Teens vulnerable to distracted driving

Staff report

The Fulton County Safe Communities Coalition is reminding parents that inexperience behind the wheel makes their teens more susceptible to distraction behind the wheel. One in three teens who text say they have done so while driving.

Research has found that dialing a phone number while driving increases a teen’s risk of crashing by six times, and texting while driving increases the risk by 23 times. Talking or texting on the phone takes a teen’s focus off the task of driving, and significantly reduces their ability to react to a roadway hazard, incident or inclement weather.

Fulton County Safe Communinties suggests parents take these steps to help their teens understand the risks of distracted driving:

• Talk to your teen about the rules and responsibilities involved in driving. Share some stories and statistics related to teen drivers and distracted driving. Remind your teen often that driving is a skill that requires the driver’s full attention. Texts and phone calls can wait until arriving at his or her destination.

• Familiarize yourself with Ohio’s graduated driver licensing law, and enforce its guidelines for your teen. Create your own rules if necessary. Restricting the number of passengers your teen can have, or the hours your teen can drive, is a very effective way to minimize distraction for your teen driver.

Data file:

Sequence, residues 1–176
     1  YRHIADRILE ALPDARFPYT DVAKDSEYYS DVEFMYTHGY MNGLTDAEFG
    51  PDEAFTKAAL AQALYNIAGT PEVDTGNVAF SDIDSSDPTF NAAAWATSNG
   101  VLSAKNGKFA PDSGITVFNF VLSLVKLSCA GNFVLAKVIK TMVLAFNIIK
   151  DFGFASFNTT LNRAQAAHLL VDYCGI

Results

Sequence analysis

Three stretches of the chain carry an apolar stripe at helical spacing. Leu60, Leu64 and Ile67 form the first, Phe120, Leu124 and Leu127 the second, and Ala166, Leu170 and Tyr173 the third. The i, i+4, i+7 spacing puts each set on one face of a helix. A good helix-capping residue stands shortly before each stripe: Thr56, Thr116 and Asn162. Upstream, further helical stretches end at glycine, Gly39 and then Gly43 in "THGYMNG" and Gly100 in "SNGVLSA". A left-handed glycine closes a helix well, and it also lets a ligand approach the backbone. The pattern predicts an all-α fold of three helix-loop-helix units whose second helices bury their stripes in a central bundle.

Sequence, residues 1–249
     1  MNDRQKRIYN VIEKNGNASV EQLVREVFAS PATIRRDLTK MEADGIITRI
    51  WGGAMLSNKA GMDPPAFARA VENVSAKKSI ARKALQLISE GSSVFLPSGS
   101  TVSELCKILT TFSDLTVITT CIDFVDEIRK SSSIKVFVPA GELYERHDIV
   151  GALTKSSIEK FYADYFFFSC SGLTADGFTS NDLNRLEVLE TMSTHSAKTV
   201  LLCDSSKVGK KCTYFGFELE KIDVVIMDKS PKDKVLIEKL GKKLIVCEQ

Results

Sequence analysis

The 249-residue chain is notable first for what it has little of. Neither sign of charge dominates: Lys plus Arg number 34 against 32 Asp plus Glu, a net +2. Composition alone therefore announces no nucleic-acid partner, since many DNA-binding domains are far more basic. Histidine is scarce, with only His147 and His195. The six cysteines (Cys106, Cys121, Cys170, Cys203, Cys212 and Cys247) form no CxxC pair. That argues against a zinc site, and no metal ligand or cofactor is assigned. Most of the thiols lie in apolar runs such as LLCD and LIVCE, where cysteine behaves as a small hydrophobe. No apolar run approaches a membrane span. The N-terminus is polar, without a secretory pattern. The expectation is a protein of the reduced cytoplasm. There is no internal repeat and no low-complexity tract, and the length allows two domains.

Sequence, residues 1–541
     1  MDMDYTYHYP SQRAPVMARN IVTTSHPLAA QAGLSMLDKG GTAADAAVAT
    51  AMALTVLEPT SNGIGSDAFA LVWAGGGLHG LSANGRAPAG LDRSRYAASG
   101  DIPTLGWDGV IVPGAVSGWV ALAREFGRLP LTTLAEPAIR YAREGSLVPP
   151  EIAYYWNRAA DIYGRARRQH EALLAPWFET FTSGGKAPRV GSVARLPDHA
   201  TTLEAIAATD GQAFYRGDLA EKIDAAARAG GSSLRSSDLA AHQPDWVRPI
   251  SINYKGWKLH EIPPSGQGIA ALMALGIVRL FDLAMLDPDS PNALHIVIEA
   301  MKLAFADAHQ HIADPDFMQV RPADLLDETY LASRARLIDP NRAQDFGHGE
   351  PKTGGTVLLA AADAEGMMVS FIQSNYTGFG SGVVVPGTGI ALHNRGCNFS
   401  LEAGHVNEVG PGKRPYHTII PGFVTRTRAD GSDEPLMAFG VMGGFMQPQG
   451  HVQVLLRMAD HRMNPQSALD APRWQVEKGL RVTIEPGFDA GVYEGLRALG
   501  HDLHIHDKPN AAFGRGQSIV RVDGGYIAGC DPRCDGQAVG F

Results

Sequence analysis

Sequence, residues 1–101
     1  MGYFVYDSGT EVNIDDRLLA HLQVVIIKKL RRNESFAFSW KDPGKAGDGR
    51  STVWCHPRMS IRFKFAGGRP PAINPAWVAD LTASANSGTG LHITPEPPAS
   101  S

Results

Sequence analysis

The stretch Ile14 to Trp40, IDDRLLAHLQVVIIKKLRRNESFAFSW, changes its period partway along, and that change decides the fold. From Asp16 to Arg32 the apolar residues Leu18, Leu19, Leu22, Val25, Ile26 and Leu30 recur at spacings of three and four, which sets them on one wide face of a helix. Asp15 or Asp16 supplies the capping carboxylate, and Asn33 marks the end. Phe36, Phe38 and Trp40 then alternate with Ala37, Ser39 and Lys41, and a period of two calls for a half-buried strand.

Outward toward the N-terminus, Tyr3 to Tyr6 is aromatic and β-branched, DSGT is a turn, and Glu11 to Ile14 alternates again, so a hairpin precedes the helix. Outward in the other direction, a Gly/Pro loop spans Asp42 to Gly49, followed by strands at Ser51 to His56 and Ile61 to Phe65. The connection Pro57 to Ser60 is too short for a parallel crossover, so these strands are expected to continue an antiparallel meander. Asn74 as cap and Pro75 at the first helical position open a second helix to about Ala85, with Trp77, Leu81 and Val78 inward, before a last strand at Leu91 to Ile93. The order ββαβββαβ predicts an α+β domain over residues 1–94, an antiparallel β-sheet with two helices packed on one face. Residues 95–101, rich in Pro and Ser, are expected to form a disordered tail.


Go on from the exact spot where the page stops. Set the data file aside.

• Talk about the consequences of distracted driving and make yourself and your teen aware of your state’s penalties for talking or texting on a phone while driving.

• Set consequences for distracted driving. If your teen breaks a distraction rule you’ve set, consider suspending your teen’s driving privileges, further limiting the hours during which they can drive, or limiting the places where they can drive. Parents could also consider limiting a teen’s access to their cell phone — a punishment that in today’s world could be seen by teens as a serious consequence.

• Set the example by keeping your eyes on the road and your hands on the wheel while driving. Be consistent between the message you tell your teen and your own driving behaviors. Novice teen drivers most often learn from watching their parents.

For more information regarding Fulton County Safe Communities, contact Rachel Kinsman at 419-337-0915. Follow on Facebook@FCsafecommunities and Twitter@FC_safecomm for safety tips, information, and upcoming events.

Staff report